Five weeks into the 2020 season, the XFL's longevity remains a question. No matter what the future holds, however, the league may be remembered as a catalyst for change within the sport.
Neither the NFL nor college football is about to overhaul its rules, but both leagues should be studying the differences. And for college football in particular, a couple of XFL-sparked tweaks are worth considering and implementing.
The most successful change, without question, is seen on kickoff returns.
By its nature, football is a violent game; dangerous contact is an inherent part of the sport. The most dangerous play, according to a 2018 study, is likely the kickoff.
During the 2015 Ivy League season, 21 percent of concussions happened on kickoffs—which only accounted for 6 percent of all plays. After the league shifted the kickoff line from the 35 to the 40 and moved the touchback line from the 25 to the 20, the average rate of concussions per 1,000 kickoffs dropped from almost 11 to two.
Under the agreement that one concussion is too many, it's fair to say the reduction is valuable. However, the rate of touchbacks also increased from about 18 percent the previous three seasons to nearly 50 percent. We can acknowledge the lost excitement in those plays.
The XFL has found an ideal compromise.
While the ball is kicked from the 30-yard line, the other 10 players line up at the opposite 35. The receiving team is positioned at or behind the 30-yard line, and neither team can move until the returner catches the ball.
This format has reduced high-speed collisions yet actually encouraged returns. It's inspired a bit of creativity too.
Midway through the XFL season, ESPN's Kevin Seifert notes 93 percent of kickoffs have been returned. While we don't have concussion data, visual evidence seems positive. If the true numbers confirm it, this is a switch worth making.
Yes, it's not perfect. The rule removes surprise onside kicks—something that swung the 2015 national championship between Alabama and Clemson, for example. The XFL requires the kicking team to inform officials of an onside attempt.
Still, losing a very rare surprise onside kick in exchange for improved safety and more action is a clear win.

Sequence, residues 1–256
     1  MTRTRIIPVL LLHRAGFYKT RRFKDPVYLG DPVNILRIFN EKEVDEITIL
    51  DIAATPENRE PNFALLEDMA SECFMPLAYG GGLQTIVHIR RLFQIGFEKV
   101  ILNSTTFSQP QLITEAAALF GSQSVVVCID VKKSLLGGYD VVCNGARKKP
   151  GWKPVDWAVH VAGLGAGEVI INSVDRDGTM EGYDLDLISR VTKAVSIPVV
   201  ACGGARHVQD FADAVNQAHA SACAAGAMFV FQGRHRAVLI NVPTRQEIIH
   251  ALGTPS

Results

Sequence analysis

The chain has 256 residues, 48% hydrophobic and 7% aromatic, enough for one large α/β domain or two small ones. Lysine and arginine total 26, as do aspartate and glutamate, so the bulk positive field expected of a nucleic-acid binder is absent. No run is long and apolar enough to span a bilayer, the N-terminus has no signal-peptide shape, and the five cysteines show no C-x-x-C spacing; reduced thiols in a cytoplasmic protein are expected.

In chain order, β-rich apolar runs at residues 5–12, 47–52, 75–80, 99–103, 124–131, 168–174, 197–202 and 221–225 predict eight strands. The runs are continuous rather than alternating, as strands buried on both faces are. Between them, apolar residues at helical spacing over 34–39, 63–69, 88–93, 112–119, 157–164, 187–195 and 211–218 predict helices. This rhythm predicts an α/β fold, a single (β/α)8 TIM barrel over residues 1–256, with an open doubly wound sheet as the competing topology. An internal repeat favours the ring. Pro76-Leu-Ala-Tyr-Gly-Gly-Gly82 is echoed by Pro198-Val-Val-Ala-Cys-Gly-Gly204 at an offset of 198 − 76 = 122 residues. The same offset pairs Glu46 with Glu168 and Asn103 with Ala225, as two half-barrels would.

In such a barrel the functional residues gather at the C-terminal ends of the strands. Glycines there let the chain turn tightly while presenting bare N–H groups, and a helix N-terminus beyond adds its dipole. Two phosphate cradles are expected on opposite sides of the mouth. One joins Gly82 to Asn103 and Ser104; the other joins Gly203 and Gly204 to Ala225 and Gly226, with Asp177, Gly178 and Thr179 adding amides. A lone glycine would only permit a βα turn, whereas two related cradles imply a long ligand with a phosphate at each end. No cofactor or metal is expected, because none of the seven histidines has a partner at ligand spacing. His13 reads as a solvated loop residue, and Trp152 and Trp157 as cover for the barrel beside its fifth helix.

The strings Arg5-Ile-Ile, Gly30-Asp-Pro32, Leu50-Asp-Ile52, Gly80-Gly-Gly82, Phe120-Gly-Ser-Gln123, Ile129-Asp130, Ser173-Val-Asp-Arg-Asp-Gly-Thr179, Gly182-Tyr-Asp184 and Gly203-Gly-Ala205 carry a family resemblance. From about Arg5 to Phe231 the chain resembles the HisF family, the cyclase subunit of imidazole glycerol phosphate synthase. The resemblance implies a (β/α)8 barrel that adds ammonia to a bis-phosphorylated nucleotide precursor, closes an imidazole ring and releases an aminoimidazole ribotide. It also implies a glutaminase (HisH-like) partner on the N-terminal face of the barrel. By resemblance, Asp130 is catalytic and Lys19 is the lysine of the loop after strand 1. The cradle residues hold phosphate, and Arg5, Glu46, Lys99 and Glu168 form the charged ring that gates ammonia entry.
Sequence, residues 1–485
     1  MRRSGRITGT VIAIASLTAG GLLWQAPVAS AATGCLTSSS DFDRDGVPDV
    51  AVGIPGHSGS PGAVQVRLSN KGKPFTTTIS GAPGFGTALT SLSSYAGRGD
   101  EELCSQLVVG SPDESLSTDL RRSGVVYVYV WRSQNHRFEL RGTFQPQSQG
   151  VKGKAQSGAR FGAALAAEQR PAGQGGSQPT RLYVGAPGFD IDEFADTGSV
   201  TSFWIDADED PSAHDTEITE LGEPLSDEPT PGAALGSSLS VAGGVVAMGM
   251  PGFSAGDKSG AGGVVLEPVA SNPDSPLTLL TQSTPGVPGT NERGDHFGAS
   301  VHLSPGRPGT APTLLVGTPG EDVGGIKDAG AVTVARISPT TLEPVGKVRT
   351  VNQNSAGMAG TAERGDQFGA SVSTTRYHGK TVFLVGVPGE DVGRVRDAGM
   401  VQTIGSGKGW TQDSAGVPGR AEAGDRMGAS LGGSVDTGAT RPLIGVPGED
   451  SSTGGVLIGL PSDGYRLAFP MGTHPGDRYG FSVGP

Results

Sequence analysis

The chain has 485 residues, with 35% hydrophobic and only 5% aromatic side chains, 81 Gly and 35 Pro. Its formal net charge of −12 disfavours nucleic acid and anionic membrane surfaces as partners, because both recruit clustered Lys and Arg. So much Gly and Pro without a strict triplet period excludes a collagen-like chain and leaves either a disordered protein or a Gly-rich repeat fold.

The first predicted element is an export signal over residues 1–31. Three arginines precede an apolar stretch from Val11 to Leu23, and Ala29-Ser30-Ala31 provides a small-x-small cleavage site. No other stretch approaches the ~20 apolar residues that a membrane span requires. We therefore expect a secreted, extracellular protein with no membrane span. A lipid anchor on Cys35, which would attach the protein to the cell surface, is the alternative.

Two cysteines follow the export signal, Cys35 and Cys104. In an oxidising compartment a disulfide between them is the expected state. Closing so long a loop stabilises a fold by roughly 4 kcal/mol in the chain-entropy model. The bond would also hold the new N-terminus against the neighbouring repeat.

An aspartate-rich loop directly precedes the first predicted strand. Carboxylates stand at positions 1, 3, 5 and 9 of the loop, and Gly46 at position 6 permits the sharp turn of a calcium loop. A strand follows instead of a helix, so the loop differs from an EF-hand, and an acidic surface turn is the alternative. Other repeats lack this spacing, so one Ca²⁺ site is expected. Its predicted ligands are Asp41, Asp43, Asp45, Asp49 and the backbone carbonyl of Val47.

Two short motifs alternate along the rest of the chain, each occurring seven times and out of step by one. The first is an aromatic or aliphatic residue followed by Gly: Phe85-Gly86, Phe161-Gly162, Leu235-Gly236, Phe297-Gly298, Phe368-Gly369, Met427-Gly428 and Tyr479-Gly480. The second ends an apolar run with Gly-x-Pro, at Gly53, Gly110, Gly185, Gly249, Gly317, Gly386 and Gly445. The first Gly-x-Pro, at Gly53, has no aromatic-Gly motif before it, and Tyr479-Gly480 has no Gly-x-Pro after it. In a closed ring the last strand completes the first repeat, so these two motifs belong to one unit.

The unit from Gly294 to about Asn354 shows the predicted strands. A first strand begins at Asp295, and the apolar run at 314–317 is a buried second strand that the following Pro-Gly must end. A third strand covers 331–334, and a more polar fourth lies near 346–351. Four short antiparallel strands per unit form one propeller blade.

The XFL's effort to eliminate punts and fair catches by creating a "major" touchback rule (the ball is placed at the 35 if a punt goes into the end zone or out of bounds inside the 35) is reasonable for a league that needs to generate max entertainment. That has resulted in more punt returns, too, but it's unnecessary for college.
Besides, Iowa and Northwestern would continue to punt inside the 35-yard line even though it's the major touchback line. Good luck fixing Kirk Ferentz and Pat Fitzgerald.
And then there's replay.
Technology has progressed rapidly over the last decade, but football's rules have struggled to keep up. While officials on the field make judgment calls at full speed, we have the benefit of slow-motion cameras that capture the action.
But a massive disconnect remains. When a college football play heads to review, we sit there waiting for the call and yelling at the screen. In the XFL, viewers can hear the communication between the on-field referee and replay official.
Bring that transparency—and accountability—to college. Specifically, use this for targeting.
Do you know what targeting is? I sure don't. The rule states a player shall not make forcible contact against an opponent with the crown of the helmet or make forcible contact to the head and neck area of a defenseless player. Some indicators of targeting are when a player leaves his feet for a tackle, leads with the helmet or lowers the head, according to the NCAA rule book.
Yet that definition allows for intense subjectivity. That's not necessarily a problem, but there's no accountability for the subsequent ruling. And when the outcome is that a player is ejected and potentially misses the first half of the following game, the absence of transparency is frustrating.
Take last season's Fiesta Bowl, for example.
Ohio State cornerback Shaun Wade crunched Clemson quarterback Trevor Lawrence. Officials ultimately tossed Wade for targeting, and the penalty ended up being the turning point of the game.
Forget whether it was right or wrong; exactly why did the officials determine it was targeting? What did they discuss? What swayed their opinion? That insight, within the moment, would've been immensely beneficial to hear.
Otherwise, what is often a crucial penalty will remain an unchecked part of the game. That's a major problem.
Two simple fixes won't derail the sport as we know it. While altering the format of kickoffs is a big difference, the XFL has shown how to increase returns and player safety. And being able to hear why officials made a decision seems like an inarguable improvement.
College football doesn't need a drastic change, but the XFL has provided a blueprint for an enhanced game. No matter how small the changes are, progress is always the goal.
Follow Bleacher Report writer David Kenyon on Twitter @Kenyon19_BR.